Imagine Communications has partnered with HP to help media and entertainment companies implement private, virtual video delivery infrastructures in the cloud. The relationship includes a proof of concept that uses Imagine’s software-based solutions and HP’s global scale and power in hardware, storage and managed private cloud solutions.
Cloud operations have been steadily gaining a foothold in broadcasting over the last five years but there are still limits to how much it can do and reservations about what it should be used for in TV and post-production. In particular there has been doubt over the viability of full editing using the technology but ahead of NAB 2015 Adobe has announced that its Anywhere collaborative workflow system can run in conjunction with platform provider Aframe’s remote server network to do exactly that.
Primestream has released Xchange Media Cloud a Software-as-a-Service asset management platform using Microsoft Azure.
Comcast has selected Elemental video processing software to power encoding for its X1 DVR. Last year, Comcast began offering customers the X1 DVR with cloud technology, which lets customers record TV shows and movies in the cloud to enjoy at home or on-the-go across devices. While in the home, X1 DVR provides access to the program guide on any device and nearly the entire channel lineup, as well as the Xfinity On Demand library.
MAM developer Cinegy will present ‘Cloudy With a Chance of Media’ in a series of on-booth seminars at NAB 2015.
Aframe will launch the next generation of its cloud video collaboration platform at NAB. Calling it the Spring Release, the updated version will include expanded search and discovery features, enhanced multimedia format handling for non-video assets such as audio files, graphic files and documents, and a new approvals workflow for more streamlined feedback between users. The release is designed to make the management of professional video and production assets more efficient, accessible and cost effective, the company said.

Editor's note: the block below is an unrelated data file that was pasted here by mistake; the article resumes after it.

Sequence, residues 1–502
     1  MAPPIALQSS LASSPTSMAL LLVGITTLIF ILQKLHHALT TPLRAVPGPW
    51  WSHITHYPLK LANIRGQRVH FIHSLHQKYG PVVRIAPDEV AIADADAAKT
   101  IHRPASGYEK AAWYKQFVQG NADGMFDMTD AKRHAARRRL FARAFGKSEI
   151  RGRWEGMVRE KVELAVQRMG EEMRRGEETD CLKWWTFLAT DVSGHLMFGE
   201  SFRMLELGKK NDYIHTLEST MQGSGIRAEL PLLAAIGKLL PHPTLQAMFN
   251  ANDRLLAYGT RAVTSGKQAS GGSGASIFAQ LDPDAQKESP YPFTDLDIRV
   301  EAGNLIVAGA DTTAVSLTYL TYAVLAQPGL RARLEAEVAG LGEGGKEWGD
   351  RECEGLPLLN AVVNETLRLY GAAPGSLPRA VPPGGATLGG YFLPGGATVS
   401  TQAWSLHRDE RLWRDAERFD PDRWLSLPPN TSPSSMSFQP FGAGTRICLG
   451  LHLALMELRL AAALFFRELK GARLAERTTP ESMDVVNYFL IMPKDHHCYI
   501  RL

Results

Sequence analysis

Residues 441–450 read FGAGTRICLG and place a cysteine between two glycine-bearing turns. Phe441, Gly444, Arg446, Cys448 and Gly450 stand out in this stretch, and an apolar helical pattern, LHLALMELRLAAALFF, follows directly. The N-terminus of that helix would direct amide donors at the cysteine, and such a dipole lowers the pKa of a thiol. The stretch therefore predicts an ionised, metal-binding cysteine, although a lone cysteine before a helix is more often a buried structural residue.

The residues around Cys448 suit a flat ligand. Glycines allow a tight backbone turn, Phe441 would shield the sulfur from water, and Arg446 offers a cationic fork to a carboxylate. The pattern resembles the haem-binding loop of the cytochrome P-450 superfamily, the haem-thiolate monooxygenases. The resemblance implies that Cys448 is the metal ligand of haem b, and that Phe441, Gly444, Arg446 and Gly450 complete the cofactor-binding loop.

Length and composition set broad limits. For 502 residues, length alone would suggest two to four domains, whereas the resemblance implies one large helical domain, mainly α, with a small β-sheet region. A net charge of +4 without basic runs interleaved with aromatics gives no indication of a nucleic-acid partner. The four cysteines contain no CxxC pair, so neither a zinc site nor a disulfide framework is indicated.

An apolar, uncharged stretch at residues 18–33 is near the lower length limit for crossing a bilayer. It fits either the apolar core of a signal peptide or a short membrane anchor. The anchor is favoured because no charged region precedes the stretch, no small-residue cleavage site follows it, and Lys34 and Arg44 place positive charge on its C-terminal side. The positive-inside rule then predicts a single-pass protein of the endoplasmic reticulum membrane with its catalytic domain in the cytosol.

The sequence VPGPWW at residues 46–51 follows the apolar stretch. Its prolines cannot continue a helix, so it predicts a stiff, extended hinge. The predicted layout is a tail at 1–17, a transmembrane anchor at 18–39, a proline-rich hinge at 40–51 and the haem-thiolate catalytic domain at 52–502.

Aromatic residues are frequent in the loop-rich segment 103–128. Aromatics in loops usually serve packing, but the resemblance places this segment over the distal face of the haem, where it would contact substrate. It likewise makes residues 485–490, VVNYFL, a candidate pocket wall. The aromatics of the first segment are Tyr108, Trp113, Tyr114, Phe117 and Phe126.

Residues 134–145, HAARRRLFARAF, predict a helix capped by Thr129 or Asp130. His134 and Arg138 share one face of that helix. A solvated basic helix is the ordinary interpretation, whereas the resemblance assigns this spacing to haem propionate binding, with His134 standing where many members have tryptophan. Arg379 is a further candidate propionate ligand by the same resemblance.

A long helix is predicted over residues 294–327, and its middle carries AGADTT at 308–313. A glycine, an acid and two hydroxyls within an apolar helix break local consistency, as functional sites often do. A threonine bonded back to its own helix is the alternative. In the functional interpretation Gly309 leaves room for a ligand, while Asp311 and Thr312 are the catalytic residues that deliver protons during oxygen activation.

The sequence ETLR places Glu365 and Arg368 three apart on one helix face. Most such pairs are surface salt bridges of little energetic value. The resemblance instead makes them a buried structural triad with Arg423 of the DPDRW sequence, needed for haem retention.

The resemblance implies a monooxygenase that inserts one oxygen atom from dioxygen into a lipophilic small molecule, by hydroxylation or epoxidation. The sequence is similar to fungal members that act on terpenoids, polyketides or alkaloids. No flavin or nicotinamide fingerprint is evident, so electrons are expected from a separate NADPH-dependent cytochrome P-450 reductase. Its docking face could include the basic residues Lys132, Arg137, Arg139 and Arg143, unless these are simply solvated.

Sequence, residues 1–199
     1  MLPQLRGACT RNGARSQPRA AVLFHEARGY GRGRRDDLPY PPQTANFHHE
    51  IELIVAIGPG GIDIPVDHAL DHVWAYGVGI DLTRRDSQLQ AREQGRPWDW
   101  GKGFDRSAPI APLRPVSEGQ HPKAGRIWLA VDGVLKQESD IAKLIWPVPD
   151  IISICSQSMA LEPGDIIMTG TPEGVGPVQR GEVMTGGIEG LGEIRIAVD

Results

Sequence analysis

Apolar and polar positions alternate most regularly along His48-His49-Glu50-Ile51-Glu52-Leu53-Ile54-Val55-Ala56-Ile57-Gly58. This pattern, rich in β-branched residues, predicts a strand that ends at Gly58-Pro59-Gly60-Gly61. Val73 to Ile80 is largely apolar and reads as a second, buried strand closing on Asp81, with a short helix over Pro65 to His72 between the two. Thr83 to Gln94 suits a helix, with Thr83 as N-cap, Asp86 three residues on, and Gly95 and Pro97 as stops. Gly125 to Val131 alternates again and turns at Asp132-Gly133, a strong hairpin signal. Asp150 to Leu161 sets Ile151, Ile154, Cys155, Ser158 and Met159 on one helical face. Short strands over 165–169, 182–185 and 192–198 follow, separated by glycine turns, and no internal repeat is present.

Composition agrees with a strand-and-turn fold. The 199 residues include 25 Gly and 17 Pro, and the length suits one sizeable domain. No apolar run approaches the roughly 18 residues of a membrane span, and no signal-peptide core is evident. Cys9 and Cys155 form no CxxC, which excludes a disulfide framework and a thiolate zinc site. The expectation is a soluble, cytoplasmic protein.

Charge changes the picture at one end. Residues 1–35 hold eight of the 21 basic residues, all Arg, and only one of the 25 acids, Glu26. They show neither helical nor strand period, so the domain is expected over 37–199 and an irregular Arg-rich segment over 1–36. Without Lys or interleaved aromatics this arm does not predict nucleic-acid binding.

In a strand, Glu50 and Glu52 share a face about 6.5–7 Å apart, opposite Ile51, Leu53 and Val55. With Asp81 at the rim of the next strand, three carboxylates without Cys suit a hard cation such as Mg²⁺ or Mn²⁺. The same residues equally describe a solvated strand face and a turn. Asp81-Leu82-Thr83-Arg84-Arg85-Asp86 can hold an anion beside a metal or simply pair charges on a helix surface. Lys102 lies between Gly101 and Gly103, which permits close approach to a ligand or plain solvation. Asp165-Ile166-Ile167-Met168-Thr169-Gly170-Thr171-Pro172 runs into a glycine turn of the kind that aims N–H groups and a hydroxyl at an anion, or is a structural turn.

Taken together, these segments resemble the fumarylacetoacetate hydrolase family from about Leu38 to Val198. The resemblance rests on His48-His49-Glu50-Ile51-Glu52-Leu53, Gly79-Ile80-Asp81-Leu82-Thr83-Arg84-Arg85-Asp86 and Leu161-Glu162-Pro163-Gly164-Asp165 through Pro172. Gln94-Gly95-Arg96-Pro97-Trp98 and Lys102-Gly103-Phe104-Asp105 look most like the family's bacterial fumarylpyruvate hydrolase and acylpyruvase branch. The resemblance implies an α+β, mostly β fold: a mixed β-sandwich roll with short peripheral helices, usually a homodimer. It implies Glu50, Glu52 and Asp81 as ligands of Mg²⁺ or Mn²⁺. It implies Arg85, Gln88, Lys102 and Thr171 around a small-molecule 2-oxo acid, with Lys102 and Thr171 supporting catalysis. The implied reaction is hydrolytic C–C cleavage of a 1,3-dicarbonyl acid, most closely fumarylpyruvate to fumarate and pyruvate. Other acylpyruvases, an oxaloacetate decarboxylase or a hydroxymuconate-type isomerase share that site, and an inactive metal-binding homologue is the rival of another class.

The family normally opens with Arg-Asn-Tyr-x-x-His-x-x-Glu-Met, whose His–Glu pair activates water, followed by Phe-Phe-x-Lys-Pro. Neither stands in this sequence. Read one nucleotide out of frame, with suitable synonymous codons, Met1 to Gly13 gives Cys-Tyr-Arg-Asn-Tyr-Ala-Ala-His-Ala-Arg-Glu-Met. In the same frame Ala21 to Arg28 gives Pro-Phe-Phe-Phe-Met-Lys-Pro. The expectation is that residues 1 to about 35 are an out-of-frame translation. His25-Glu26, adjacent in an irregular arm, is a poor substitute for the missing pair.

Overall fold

Media interoperability standards, and the lack of them, are a hot potato for broadcasters and the content production community as we head into NAB. The central issue is that there are too many standards and even variations within standards. Media management and distribution company Yangaroo explains the headache and puts forward its own solution to the impasse.
At NAB The Broadcast Bridge met up with senior executives from satellite service provider STN. Mitja Lovsin, STN’s sales and marketing director, talked about the market, and an exciting new project that will use HEVC encoding and is to air late summer, 2015. STN, the Satellite Telecommunications Network, is based in Slovenia and uplinks 500 channels from their teleport. The company also provides playout facilities for 50 of those channels.
It’s hard to remember a time when over-the-air television broadcasters faced more difficult choices about their future.
World-class learning opportunities abound in NAB exhibits and technical sessions.